As a matter of rule, when a death is attributed to the retribution or vengeance of a local deity in Igboland, all the properties of the deceased victim are voluntarily surrendered by his family and kinsmen as appeasement to the provoked deity. Over the years, the deities have amassed tremendous wealth, especially moveable and immoveable properties, through their alleged retributive killing of offenders. Operating within a loose framework of what Goran Hyden (1980) described as the “economy of affection” in which the deities are largely seen as beneficent gods and champions of justice, the cult priests expediently volunteered to put the material wealth of the deities to credit utility and under terms that are more client-friendly when compared to the modern capital market. Reporting on the emergence of the credit system, an assistance Chief priest of one deity observed as follows:
 
When consulted to solve crime or to intervene in a dispute between two parties, [the deity] does not hesitate or waste time to deliver justice. How it delivers justice is that anybody who swears falsely by the deity must die. For instance, if someone petitions to [the deity] that another person wrongfully claiming his land, the two disputants are summoned by the deity with the chief priest officiating. If the matter is not resolved amicably, the two parties are made to swear by the god that they own the land. The person who swears falsely would suddenly die within a specified period (usually a matter of weeks or couple of months) and the land reverts to the rightful owner. Because of the speed with which it deliver judgment, people gave the god the nickname “Ochegi Oluwa”, meaning that “it does not wait for the next generation before it delivers judgment.” All the properties of the slain victim are taken to the deity. Because such properties accumulated heavily over time, and the god would always demand expensive sacrifices from time to time, successive chief priests decided to be hiring out such items on a fee basis. The money realized is what is used to procure the numerous items (mostly cows and other livestock, assorted food stuffs and drinks) required for performing sacrifices to the deity whenever the occasion arises.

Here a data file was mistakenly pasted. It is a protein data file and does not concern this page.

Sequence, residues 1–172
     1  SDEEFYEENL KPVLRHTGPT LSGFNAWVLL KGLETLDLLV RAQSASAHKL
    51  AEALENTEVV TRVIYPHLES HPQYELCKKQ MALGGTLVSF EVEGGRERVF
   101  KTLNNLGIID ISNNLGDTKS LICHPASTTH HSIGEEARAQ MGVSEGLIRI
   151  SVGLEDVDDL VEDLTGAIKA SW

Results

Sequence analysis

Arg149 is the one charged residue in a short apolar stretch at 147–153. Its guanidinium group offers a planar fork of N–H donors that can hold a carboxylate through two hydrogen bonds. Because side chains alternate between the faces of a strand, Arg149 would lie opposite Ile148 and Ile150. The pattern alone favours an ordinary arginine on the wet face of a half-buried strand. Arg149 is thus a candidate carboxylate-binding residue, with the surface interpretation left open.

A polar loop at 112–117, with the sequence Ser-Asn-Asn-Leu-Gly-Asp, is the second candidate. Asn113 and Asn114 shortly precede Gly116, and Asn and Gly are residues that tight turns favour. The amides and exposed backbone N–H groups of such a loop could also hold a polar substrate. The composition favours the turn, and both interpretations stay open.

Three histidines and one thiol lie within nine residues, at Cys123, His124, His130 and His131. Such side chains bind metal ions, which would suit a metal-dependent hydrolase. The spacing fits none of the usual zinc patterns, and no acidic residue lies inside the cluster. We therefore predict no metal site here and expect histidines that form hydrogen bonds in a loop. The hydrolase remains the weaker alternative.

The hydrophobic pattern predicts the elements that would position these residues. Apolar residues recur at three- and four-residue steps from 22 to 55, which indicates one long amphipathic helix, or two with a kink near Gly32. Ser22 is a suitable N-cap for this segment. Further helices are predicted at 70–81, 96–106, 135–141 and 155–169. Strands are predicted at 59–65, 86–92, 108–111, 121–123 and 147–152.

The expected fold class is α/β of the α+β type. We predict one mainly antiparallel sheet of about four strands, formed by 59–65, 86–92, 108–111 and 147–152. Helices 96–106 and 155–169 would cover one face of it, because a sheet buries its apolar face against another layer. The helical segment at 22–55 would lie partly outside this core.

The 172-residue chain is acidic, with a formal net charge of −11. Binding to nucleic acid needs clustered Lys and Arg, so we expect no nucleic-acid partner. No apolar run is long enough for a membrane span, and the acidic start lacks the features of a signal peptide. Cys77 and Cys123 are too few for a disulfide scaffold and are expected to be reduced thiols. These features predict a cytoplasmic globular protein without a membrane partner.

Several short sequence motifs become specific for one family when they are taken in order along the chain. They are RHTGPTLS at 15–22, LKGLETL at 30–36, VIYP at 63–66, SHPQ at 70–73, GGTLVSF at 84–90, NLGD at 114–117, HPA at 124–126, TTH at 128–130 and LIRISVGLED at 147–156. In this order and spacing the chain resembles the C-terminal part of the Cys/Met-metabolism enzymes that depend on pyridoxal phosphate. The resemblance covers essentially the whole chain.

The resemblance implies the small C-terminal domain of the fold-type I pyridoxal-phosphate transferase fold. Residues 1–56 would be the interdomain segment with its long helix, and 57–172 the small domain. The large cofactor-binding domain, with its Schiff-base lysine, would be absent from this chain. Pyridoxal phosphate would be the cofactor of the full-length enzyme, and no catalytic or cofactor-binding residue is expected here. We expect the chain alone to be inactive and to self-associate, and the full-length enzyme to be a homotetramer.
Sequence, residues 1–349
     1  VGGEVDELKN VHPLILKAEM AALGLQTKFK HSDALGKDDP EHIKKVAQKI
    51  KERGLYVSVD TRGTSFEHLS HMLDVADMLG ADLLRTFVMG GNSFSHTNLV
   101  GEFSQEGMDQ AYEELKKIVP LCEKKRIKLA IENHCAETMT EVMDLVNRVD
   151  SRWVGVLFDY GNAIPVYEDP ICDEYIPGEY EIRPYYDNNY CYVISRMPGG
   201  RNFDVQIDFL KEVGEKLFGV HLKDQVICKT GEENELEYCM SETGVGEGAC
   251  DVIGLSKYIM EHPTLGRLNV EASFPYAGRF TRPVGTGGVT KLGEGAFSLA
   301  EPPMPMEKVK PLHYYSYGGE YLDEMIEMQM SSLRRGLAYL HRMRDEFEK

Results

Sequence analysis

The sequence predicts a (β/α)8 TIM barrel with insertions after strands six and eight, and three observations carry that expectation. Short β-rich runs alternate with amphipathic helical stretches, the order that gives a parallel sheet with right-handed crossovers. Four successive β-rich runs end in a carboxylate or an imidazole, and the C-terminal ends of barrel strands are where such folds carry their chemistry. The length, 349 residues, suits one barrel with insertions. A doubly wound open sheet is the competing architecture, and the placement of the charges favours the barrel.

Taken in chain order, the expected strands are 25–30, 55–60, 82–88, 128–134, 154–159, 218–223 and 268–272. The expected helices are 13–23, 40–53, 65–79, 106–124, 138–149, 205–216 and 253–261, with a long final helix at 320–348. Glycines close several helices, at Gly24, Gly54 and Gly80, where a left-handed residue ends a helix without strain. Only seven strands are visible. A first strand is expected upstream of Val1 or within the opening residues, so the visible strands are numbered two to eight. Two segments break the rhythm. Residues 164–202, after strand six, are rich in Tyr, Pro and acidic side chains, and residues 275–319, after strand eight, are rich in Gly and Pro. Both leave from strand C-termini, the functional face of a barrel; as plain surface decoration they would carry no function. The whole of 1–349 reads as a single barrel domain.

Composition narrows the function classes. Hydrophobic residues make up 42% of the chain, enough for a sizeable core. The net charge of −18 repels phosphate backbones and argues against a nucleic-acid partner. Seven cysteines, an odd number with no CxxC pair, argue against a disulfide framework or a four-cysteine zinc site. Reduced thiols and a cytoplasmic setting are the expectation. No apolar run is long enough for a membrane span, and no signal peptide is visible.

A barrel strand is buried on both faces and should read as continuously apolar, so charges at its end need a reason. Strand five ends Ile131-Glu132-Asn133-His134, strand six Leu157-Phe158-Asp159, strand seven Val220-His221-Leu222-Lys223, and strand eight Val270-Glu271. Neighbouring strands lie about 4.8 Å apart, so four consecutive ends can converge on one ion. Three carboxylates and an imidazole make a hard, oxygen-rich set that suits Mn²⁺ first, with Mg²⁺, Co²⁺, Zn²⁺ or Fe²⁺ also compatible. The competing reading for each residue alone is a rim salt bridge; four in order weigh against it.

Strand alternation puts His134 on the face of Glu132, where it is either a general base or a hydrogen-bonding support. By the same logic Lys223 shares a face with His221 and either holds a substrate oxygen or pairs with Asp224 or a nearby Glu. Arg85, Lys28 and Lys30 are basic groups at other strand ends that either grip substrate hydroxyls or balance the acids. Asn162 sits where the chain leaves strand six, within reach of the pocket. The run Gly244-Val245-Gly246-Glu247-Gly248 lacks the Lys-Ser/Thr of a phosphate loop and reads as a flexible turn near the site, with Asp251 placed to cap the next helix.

imtfiThe Chief Priest added that the deity mostly leases out confiscated assets like wheel barrows, bicycles, motor cycles, and tracks of land to clients and tenants who make agreed returns in both cash and kind. People who hire the deity’s properties or take them on lease, continued the Chief Priest, do so to enable them feed their families and some have been able to set up micro-businesses in the process. This and the other deities, it was reported, also have houses and cars used for commercial transportation to raise money for the deities. These are among the items occasionally surrendered to the deity by families of persons it has purportedly killed in retribution. Whilst the hiring and leasing of assets are an integral part of the deities’ credit system, the monies realized from all the “business-oriented” activities, are, among other things, used for money-lending and for procuring sacrificial items for the deities. From the standpoint of the deity operators and most local people, the deities are not business motivated; they essentially champion these seemingly business-oriented activities to help people.
 
imtfiFurthermore, in the eyes of the deity stakeholders, there is no confusion between the assets of the deity and those of its operators, especially the chief priest. The properties of the deity belong to the deity. The chief priest and any other stakeholders can only enjoy sensible usufructary privileges as occasionally allowed the deity. It is generally believed that the deity speaks frequently through its various diviners and that it can and does inflict severe punishment on anybody that misuses or violates its property rights. The chief priest of a deity is therefore not by any means its sole oracle. There are various well known diviners and medicine-men both within and outside the local community that occasionally speak
on behalf of various deities when consulted. The chief priest occasionally consults some of these independent diviners when he needs to confirm or double-check the mind of the deity on a particular issue and also on certain occasions when, for whatever reasons, the deity does not want to speak through its chief priest.
 
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The full version of the research report from which this synopsis has been drawn, including tables listing forms of credit, reasons for borrowing, credit beneficiaries and debt scheduling, is currently embargoed while the paper is peer-reviewed by an academic journal.